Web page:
22 October, 2010
It has recently been reported in the publication Inside Housing that a housing association has been fined £12,000 following an outbreak of Legionnaires' disease at a sheltered housing scheme. This led to one resident being hospitalised with the illness. The housing association pleaded guilty to breaching the Health and Safety at Work etc. Act 1974.
Basildon Magistrates' Court heard that Legionella experts had been contracted to carry out an investigation at the scheme in 2006. A number of problems were said to have been found with the scheme's water system which should have been addressed immediately. However, the risk assessment was not received by the association's staff until the middle of 2007. It was conceded by the association that it was their duty to ensure that they received this document and to check whether any urgent action needed to be taken by them.
This incident draws attention to the need for all social landlords to be aware of the dangers posed by Legionnaires' disease and the steps that can be taken to prevent harm being caused to tenants.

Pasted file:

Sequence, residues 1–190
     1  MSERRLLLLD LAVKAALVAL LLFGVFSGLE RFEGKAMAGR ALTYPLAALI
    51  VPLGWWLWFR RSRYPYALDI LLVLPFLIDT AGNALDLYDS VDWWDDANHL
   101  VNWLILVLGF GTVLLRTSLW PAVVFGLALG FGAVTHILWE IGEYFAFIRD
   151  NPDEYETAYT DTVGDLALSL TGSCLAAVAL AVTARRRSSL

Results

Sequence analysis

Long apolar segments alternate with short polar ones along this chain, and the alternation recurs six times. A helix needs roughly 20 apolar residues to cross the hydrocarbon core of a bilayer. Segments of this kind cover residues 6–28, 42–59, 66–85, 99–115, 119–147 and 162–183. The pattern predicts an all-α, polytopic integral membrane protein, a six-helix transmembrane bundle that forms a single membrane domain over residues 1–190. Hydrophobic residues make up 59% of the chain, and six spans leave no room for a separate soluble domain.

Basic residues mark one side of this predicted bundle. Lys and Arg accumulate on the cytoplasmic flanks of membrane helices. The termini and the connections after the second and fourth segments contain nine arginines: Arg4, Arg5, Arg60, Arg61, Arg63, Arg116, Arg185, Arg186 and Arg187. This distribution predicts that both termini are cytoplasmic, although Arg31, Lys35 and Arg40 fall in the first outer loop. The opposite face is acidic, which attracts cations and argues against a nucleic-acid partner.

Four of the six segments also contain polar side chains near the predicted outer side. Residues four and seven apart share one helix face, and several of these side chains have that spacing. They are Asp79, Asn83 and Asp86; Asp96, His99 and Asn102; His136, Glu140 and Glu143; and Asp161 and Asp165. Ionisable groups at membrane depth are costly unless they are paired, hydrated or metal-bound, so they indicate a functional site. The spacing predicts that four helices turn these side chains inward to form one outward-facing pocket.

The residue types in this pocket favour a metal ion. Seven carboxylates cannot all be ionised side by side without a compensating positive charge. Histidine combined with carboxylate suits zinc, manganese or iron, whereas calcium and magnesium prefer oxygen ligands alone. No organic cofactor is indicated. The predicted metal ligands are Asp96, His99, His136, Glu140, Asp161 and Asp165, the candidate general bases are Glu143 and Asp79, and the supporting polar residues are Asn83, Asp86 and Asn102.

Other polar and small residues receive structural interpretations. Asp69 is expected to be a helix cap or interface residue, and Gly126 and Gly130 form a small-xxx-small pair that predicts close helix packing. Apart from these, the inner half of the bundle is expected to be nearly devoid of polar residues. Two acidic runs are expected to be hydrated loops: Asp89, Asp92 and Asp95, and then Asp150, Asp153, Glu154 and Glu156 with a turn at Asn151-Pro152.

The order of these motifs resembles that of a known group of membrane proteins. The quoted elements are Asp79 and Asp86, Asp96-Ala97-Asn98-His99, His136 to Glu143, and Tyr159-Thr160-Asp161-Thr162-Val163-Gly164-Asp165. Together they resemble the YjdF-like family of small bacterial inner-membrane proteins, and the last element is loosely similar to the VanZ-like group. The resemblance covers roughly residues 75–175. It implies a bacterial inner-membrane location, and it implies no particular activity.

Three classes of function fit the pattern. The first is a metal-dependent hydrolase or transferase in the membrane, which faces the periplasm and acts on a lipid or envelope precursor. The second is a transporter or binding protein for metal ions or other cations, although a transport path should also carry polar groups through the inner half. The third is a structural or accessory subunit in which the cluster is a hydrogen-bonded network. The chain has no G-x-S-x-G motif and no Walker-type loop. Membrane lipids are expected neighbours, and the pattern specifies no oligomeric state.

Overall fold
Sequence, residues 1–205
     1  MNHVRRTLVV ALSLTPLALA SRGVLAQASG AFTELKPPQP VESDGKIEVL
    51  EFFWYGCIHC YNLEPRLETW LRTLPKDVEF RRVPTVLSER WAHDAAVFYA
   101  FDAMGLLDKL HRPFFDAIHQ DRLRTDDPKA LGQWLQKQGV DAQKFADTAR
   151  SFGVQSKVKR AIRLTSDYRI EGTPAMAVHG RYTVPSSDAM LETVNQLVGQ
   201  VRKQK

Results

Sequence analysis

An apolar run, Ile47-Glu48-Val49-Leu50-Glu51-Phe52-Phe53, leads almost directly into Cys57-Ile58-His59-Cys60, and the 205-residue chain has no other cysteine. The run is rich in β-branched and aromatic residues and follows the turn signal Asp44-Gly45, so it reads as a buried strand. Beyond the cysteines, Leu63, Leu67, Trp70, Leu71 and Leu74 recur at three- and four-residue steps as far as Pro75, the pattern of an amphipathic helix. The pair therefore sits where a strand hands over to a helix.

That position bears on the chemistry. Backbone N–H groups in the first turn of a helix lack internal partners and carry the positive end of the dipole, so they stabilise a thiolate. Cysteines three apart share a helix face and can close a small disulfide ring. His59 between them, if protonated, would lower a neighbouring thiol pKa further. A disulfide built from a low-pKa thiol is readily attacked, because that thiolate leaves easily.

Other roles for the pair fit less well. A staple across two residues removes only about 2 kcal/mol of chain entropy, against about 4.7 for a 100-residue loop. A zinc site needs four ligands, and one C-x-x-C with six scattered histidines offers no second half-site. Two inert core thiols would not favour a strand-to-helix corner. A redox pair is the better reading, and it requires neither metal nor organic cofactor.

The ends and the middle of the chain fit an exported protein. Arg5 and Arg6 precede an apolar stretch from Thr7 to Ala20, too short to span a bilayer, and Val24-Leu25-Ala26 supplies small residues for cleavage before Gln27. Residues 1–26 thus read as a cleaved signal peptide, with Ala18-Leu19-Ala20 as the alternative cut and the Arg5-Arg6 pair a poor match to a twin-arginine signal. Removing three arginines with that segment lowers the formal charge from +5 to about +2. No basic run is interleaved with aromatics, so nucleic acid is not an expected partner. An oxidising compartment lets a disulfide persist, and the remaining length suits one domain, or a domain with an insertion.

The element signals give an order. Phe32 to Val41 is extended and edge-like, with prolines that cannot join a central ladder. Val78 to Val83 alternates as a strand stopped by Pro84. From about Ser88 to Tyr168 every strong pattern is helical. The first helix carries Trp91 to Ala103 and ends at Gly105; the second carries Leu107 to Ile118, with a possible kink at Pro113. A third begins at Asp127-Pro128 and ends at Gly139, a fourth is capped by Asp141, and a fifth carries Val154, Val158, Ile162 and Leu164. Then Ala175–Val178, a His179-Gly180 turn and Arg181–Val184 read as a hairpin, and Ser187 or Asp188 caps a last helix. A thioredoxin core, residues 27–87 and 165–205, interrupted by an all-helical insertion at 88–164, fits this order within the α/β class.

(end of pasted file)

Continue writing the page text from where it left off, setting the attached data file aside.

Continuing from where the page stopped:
Legionnaires' disease is a type of pneumonia which can be fatal. Those most susceptible to the disease are the elderly and individuals with respiratory problems. It is caused by the Legionella bacteria which can be found in water systems such as those used in houses.
The disease is transferred to individuals through water droplets from the infected systems being inhaled by the individual. This risk is increased if there is a suitable temperature for the bacteria to grow (between 20-45 degrees Celsius), a source of nutrients (such as rust, scale or other organic matter) and a way in which droplets of water can be spread (e.g. through a tap).
Although it is considered that the generally high usage and low volume of water held in residential water systems will reduce the likelihood of Legionella bacteria reaching dangerous levels, it is still necessary for landlords to carry out a risk assessment to determine whether there are any potential sources of exposure for occupants. Such assessments can be carried out by specialist companies.
Any action taken by a landlord to avoid the bacteria spreading is likely to include:
The dangers posed by Legionnaires' disease are real and potentially life threatening. It is vitally important that landlords know about the conditions ideal for bacteria growth and how these circumstances can be prevented. Landlords should also ensure that thorough risk assessments are carried out on a regular basis into the likelihood of exposure to the disease.